MELS: a module review – OurWarwick
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MELS: a module review

Modern English Legal System, or MELS, is a brand-new first year law module studied by undergraduates in the first term at Warwick Law School. It is a core module for a variety of law-based course (see here) and aims to “provide students with a sound practical understanding of English legal method”. In a nutshell, it is an introduction to the English legal system focusing on the courts, legal cases, and statutory interpretation. As the module is new this year, I though I would give some insight into the ups-and-downs of the past 10 weeks of studying MELS!

What is MELS?

MELS is an interesting module that is taught via two seminars per week. Unlike other modules, MELS lectures are not really a thing. Other than the introductory lecture and the lecture about the MELS essay, the entire module was taught in our seminar groups. 

MELS was taught through 2 very broad topics – the UK benefits cap and the death of Iraqi detainee Baha Mousa. Although these may seem like two very different, slightly random legal issues to focus on, the seminars were focused on using the specific legalities surrounding the benefits cap and the Mousa case to teach us a more general understanding of how the law works. By reading a UK Supreme Court case on the benefits cap, we not only learnt about the Welfare and Work Reform Act 2016, but also we learnt how to read cases, how judges interpret and decide on the law, how to write a judgment etc. 

What Skills Were Acquired?

1. Understanding the Courts System 

2. Reading Cases

3. Statutory Interpretation

4. Writing a Reflection / Judgment / Essay 

5. Legal Reading and Research 

How is MELS Assessed?

MELS is 100% assessed by a portfolio submitted in December consisting of 3 parts. 

Reflection on a Court Visit – 15%

A requirement of the MELS course is that all students go and visit a court to hear a case. Based on this visit, we had to write a 500-word reflection on the visit. We were instructed to briefly discuss the case at hand and then critically analyse our experience in the courtroom – what were we expecting? Did the courtroom dynamics meet our expectations? Were we subjected to incorrect preconceptions due to literature and film? How are space, power, and language used within the courtroom?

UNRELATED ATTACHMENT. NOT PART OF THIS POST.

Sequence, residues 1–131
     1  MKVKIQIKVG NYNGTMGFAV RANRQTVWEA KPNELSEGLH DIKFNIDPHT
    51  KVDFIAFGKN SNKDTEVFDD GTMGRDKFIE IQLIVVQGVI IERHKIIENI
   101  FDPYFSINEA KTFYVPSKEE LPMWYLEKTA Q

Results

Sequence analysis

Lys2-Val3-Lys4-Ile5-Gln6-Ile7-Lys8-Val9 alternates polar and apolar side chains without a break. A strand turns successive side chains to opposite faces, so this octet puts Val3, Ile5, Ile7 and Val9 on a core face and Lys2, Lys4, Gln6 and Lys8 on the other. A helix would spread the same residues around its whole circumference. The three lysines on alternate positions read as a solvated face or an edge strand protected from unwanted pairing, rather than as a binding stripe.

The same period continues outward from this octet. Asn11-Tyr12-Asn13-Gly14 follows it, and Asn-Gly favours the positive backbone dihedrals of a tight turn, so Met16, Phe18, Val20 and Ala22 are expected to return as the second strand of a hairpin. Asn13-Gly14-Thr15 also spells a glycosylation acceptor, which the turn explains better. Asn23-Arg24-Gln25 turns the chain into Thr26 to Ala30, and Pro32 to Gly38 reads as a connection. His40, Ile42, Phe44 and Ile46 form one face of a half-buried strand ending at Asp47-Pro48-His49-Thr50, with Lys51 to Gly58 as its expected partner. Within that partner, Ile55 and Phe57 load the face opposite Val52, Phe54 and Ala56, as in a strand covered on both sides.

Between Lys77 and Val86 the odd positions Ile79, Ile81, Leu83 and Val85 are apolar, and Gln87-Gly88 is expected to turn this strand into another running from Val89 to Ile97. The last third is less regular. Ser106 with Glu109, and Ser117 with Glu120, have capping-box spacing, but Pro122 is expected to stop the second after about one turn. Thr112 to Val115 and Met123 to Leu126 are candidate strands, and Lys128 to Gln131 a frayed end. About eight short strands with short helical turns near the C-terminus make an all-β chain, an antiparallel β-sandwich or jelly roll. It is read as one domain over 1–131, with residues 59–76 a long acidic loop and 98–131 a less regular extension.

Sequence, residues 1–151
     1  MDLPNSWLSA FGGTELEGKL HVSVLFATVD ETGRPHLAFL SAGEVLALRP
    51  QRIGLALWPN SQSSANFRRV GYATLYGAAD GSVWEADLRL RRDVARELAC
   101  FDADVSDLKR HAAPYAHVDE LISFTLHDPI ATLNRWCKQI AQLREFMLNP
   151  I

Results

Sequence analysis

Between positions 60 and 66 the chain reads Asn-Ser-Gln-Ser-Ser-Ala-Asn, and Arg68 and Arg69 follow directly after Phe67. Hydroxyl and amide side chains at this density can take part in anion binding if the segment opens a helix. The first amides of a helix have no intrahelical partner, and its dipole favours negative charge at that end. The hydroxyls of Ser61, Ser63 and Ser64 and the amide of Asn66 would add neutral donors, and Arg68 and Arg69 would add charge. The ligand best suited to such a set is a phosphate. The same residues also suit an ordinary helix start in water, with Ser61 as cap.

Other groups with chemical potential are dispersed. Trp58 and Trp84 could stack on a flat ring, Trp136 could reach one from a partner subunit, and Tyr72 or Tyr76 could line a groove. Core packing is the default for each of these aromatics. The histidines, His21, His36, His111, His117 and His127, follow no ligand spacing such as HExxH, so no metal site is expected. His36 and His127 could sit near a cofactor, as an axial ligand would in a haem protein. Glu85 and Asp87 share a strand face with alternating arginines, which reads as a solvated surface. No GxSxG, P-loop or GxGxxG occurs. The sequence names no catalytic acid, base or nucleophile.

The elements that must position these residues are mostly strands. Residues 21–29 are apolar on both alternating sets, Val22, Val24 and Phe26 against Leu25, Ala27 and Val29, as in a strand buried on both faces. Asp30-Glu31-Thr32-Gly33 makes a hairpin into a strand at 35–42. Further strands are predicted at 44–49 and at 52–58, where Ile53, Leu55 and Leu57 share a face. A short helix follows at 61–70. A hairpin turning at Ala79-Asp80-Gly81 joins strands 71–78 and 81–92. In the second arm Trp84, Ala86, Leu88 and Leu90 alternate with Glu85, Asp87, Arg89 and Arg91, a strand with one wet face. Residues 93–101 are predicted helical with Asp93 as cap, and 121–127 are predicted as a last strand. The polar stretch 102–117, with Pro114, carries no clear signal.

Judgment – 35%

For this task, we were given a problem question relating to a topic we had already studied. We then had to write a 750-word High Court judgment on the case. We had to research judgment writing, the style in which judges make decisions, and the precedent in this particular area of law.

I think this was my favourite of the 3 portfolio tasks – it was a great opportunity to be slightly more creative and conduct thorough research so that I could provide an original argument. 

Essay – 50%

The final task was a 1250-word essay relating to what we had studied about the controversial death of Baha Mousa. We were given an essay title, some perspectives that we could chose to take on, and some guidance as to the kinds of issues we could research and write about. Although the strike meant that a lot of us did not have the seminars designed to provide support on this essay, we were ensured that we had all the resources needed to complete the task at hand. 

Pros / Cons 

✓ MELS is great for students who (a) don’t exam well, or (b) prefer to study modules that are coursework-based. 

✓ The portfolio tasks are diverse enough to ensure that even if you struggle with one of the three tasks, you will most likely perform well on the other two!

✓ This approach to learning about the English legal system seems way more interactive and engaging than trying to memorise the court hierarchy from a law textbook!

✓ Encouraged to work as part of a team, conduct independent research, visit a court! Lots of fun opportunities to make friends / go out!

✘ WORD COUNTS. I know for a fact that I am not the only student who struggled massively with keeping my ideas within the strict word counts of the three portfolio tasks… however, this just means you have to practice being really concise! 

✘ For those students who actually prefer exams, this module may not be very fun for you. Don’t worry though, the other modules you study in term 1 are all exam-based. Fun!

 

  • Avatar
    Maggie O'Brien

    Hi Allana, a very fair review of MELS and useful now I am preparing next year’s materials. Best wishes, Maggie

    Reply

    • Allana Bennison
      Allana Bennison Law

      Hi! Thank you for reading 🙂 hope everything is well with you & good luck with MELS next year! Best wishes x

      Reply

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